July 25, 2018
In response to our most recent Partner satisfaction survey, someone asked if we could talk more about how and why partners are selected by the Foundation. We think it’s a great question and wanted to take a moment to share some thoughts. Backing up just a step, it may help to clarify that since the Foundation received its full funding and hired its first staff in 2008, it has been referring to organizations with which it has a funding relationship as partners. It is a purposeful choice. It reflects the Foundation’s goal that our funding relationships be more than a grantor/grantee relationship. Our hope is that these relationships represent a real exchange and collaboration between two organizations who share goals, are respectful of and candid with each other, and commit to shared learning. The Foundation’s benefactor was the kind of person who was curious about others and wanted to get to know them and understand their work. She carried that practice into her philanthropy. She rarely wrote a check and walked away. Instead, she followed the work of the group, getting to know the people and understanding the work being done. We strive to emulate some of those same practices when we engage with our Partners.
So how and why are partners selected by the Foundation? First, the Foundation identifies an issue, opportunity or problem derived from our mission that we want to work on; something we believe, with our resources and our expertise and interests, we can impact positively. Mostly, with our current program areas, those issues that we have decided to work on have been chosen based on feedback from many “experts” in the specific field, including community folks, practitioners, policy makers and other funders. Then we identify a strategy, a road map of sorts, which seems to have potential to produce the kind of impacts we have identified. Next, we begin looking for organizations that are carrying out work that is in-line with our strategy. We ask a lot of people for ideas. We try to be clear about what we are looking for both in the kinds of work that is being done, how the work is being done, and the organization’s appetite to learn and share. We triangulate the answers we get from various sources and that generally leads us to talk to one or more possible partners about the idea of working together. We strive to be clear about what we are asking of the possible partner. We generally share our strategy and how we might track our progress over time. But, we often are learning as we go, so we know that our knowledge and our activities are likely to evolve. We hope we are candid and clear about that as well. It is then up to the organization to decide if they want to partner with us. We know it is an important question and we don’t take “yes” for granted.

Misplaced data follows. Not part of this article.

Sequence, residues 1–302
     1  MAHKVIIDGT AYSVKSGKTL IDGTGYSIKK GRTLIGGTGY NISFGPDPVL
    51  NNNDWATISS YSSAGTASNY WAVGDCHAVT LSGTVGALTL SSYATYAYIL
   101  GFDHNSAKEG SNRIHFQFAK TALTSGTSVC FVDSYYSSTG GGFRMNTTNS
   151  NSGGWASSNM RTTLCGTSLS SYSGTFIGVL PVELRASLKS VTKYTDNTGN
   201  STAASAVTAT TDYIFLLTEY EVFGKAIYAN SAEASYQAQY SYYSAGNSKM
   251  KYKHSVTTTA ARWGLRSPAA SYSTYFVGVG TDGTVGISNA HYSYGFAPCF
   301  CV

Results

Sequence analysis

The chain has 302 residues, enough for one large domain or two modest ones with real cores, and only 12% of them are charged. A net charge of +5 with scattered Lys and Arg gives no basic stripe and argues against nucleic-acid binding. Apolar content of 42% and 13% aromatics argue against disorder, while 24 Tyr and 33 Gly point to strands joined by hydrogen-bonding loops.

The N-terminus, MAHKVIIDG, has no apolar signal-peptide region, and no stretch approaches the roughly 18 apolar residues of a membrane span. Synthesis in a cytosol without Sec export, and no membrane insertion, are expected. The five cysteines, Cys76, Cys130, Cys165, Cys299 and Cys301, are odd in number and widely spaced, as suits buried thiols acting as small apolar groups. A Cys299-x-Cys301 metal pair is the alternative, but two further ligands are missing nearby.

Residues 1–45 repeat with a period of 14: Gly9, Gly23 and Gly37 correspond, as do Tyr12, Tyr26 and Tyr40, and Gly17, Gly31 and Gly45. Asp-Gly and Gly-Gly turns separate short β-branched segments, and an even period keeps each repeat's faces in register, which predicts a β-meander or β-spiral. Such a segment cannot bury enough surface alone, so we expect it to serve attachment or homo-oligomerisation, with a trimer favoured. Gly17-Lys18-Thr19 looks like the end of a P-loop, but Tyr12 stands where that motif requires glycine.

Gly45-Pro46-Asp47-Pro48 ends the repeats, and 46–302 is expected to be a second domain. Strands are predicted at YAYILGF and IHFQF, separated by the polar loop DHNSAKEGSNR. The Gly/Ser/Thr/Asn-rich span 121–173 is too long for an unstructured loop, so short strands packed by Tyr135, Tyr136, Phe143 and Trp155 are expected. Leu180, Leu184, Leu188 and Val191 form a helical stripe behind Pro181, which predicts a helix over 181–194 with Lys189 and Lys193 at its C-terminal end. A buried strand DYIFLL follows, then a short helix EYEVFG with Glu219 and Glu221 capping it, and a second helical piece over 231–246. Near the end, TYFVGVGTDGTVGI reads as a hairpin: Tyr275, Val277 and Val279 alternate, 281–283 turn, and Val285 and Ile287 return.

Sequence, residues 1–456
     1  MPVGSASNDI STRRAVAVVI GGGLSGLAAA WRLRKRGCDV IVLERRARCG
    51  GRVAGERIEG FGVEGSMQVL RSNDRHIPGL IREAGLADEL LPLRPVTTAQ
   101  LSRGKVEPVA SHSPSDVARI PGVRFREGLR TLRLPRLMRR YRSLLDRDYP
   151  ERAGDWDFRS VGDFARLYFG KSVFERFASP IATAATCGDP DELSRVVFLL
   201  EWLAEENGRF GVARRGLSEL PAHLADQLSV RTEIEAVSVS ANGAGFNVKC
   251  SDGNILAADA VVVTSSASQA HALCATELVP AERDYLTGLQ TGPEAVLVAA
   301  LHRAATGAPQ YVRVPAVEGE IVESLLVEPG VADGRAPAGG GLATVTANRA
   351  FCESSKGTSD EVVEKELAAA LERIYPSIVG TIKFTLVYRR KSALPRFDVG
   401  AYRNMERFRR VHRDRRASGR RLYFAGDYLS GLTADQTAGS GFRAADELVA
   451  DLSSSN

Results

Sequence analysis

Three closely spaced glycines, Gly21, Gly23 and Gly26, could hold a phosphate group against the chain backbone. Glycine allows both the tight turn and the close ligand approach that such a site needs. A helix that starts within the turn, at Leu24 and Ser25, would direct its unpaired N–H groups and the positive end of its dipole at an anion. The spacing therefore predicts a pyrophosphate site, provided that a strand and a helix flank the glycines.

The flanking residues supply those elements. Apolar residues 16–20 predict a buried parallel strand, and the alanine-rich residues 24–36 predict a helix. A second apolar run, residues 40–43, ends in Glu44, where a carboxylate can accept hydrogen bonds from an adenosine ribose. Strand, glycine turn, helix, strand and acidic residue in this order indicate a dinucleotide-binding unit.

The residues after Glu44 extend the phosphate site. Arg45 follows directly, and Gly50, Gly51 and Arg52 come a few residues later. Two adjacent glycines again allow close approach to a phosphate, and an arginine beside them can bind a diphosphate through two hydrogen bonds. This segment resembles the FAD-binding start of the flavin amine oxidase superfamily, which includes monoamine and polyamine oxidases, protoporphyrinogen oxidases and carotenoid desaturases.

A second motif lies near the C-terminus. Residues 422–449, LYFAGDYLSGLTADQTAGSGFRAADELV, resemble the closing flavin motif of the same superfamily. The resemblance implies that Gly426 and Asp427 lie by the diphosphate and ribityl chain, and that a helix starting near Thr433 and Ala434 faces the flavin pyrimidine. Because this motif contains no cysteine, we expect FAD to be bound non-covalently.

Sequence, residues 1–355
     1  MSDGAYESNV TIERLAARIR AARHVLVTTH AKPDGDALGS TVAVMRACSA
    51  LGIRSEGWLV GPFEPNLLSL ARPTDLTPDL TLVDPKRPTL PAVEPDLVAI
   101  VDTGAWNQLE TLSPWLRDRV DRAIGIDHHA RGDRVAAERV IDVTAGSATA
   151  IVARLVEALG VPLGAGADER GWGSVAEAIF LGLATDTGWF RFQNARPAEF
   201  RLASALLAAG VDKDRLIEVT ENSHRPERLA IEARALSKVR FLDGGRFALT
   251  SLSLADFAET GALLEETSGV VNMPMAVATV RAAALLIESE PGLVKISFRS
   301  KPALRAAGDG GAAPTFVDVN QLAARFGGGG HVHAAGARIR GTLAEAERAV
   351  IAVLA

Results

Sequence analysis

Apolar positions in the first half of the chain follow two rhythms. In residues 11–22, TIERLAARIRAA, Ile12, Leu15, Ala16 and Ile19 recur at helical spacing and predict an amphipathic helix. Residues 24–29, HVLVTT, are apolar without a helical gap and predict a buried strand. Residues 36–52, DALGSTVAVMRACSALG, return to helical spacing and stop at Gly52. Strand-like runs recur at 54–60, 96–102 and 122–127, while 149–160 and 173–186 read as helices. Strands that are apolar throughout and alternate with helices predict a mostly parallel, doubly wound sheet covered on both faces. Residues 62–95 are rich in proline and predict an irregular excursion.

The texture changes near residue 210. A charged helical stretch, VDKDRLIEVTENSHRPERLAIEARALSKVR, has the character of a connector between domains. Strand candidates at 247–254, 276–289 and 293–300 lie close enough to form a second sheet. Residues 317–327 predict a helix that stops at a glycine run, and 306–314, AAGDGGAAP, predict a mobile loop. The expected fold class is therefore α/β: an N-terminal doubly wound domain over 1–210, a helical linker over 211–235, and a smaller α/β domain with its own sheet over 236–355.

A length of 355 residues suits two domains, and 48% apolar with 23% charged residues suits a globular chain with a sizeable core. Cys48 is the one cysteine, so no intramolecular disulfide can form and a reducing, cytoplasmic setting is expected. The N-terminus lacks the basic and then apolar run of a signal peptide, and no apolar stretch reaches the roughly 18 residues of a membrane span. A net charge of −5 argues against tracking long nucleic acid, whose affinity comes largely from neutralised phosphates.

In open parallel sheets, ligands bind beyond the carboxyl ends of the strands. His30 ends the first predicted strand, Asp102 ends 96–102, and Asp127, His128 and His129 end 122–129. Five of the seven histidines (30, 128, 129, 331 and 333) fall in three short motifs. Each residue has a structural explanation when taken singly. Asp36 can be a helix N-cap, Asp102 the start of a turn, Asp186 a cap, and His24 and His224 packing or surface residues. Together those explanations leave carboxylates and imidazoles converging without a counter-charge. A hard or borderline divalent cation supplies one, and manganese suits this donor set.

That’s an overview of why and how we have found our way to the partnerships that we are currently engaged in. The issues we decide to tackle and strategies we develop tend to be fairly long term, so our partnerships don’t turn over quickly. We also have learned that with a longer term relationship comes multiple years of support. Generally, we have found when we can make multi-year funding commitments trust and openness grows. Experience also tells us it is important to try to stay on a course for a meaningful number of years as change does not often happen quickly around the issues that philanthropy and the nonprofit sector are concerned. As a foundation, we have the opportunity and, we believe, the responsibility to stay with an issue until we make progress.
We have a genuine commitment to learning from and improving our practice of partnering. We seek input from our partners regularly and value when they offer the kinds of suggestions a “critical friend” might offer. We know those kinds of suggestions come from the heart and are ideas that can help us grow in our work. Suggestions about how we can do our work better don’t just come from our partners. If you have thoughts about how we can more effectively engage with our partners, we hope you will share them with us also. You can reach me at email@example.com.
And, thank you to the partner who raised this question and caused us to reflect on the answer.
Janis A. Reischmann
Hauʻoli Mau Loa Foundation